“Halloween Twenty-Fifteen”: A Review of “I Walked with a Zombie” (1943)


I Walked with a Zombie is one of those rare occasions when a movie can be well-made yet suck at the same time. Cinematography? Striking. Script? Intelligent. Acting? Manages to avoid the usual ham. So what went wrong with this 1943 zombie horror flick? Well, for starters, it just falls flat. Keep in mind, the picture looks incredibly good, and a creepy and atmospheric tension is throughout, but nothing ever really happens to entertain us. It can be appreciated that this film relies on sounds more than images—the distant beating of jungle drums, wailing and moaning in the middle of the night, as well as wind and animal noises. The images present, though, do not convey any sense of horror or terror, and the story does not delve deep enough in any direction to fully engross the viewer.

The beginning of the film is a bit unusual in the sense that it does not follow the stereotypical early Hollywood portrayal of voodoo as a cult of bloodthirsty savages led by an evil master chanting spells and dancing in trance. In fact, it is even called a religion (which it is, and partly based in Roman Catholicism) and no one seems to be wandering in and out of scenes freaking out. Then, of course, by the midway point, we have the voodoo dolls, mind-control spells, and the practitioners being referred to as barbaric.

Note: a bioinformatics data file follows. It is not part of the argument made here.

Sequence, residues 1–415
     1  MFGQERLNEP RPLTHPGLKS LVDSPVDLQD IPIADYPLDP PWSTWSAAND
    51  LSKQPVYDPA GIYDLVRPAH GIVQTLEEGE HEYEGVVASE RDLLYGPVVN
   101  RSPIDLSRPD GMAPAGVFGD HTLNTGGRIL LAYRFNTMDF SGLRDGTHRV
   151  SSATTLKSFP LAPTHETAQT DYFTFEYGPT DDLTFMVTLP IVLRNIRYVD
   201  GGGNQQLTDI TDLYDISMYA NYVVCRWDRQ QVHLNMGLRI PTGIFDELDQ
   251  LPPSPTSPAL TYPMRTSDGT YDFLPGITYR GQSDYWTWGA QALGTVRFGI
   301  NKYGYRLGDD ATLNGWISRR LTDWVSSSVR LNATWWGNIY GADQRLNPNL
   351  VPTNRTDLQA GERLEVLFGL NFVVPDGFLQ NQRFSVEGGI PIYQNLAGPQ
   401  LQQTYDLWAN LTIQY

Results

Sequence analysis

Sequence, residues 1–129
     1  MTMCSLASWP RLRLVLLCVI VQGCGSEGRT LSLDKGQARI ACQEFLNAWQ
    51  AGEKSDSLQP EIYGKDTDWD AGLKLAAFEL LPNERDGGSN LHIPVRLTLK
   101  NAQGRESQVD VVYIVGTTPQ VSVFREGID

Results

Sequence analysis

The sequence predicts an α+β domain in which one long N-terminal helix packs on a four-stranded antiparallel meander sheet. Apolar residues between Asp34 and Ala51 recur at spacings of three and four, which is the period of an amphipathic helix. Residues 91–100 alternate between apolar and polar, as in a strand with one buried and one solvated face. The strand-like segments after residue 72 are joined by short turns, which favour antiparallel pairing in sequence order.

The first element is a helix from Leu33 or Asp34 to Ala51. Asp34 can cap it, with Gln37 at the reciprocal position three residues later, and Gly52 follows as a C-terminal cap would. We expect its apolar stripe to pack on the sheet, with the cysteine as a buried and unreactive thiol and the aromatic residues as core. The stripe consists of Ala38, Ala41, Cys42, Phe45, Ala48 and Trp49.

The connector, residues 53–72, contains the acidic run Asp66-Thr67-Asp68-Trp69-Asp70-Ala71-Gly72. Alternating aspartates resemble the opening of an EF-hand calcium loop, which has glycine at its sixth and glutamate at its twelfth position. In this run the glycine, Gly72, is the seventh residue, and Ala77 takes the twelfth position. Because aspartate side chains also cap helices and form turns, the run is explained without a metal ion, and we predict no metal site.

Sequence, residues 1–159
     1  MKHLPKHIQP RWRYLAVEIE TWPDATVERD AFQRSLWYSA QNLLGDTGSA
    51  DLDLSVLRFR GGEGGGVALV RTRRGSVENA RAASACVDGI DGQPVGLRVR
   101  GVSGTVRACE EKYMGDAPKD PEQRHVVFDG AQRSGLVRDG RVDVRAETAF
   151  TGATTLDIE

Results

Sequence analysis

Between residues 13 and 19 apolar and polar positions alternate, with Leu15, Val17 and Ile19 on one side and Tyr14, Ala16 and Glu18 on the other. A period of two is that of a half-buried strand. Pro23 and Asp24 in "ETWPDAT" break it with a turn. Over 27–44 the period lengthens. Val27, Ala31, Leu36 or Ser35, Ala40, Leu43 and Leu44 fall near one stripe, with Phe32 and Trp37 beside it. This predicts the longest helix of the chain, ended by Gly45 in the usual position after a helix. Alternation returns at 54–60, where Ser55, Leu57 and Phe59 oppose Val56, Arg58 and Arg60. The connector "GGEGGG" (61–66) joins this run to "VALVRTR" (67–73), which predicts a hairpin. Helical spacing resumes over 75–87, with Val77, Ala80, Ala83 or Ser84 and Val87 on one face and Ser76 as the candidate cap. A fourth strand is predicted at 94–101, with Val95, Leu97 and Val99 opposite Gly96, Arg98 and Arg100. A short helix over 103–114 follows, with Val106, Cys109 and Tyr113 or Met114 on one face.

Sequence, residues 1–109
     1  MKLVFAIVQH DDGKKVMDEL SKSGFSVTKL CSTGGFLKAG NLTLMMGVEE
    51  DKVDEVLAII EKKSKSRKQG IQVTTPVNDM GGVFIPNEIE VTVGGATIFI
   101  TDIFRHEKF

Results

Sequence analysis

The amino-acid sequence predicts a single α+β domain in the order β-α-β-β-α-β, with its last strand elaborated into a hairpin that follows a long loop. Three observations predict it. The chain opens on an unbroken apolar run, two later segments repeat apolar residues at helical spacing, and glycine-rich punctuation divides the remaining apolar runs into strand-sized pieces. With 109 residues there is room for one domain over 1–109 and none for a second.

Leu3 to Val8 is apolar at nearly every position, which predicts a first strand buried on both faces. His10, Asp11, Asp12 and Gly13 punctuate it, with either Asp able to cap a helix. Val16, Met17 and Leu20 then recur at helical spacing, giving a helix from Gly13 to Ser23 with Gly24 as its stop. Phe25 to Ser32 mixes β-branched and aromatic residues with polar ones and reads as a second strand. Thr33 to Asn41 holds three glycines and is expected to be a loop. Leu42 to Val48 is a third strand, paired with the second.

As for a story, it is remarkably simple: a nurse (Frances Dee) travels to the West Indies to care for a patron’s wife (Christine Gordon) who is in a semi-catatonic state. She is alive, yet dead. She can follow simple commands but does not think, speak, or do anything with intelligence. There is a debate within the family on whether her malady was the result of a high fever that damaged her brain cells or a voodoo curse. You can probably figure out which cause it ended up being. It wouldn’t be a horror movie without it. In the meantime, the nurse actually seeks out voodoo help in an attempt to cure her patient because nothing else works. Unbeknownst to her, that action will be the catalyst to her really becoming cursed.

By the end, the victim is entirely entranced by her evil soul-catchers and the race is on to save her. That’s pretty much it. The level of acting is higher than one might expect, but again, there is just no substance to anything. The atmosphere and cinematography for this black-and-white film are excellent but if it was not for how pleasing this was to the eyes, it would be an all out dud. Director Jacques Tourneur did not swing and miss with this one, but let’s say he fouled off a couple of pitches. Also starring James Ellison and Edith Barrett.

6 out of 10 stars.

More articles in this special “Halloween Twenty-Fifteen” column can be found here.

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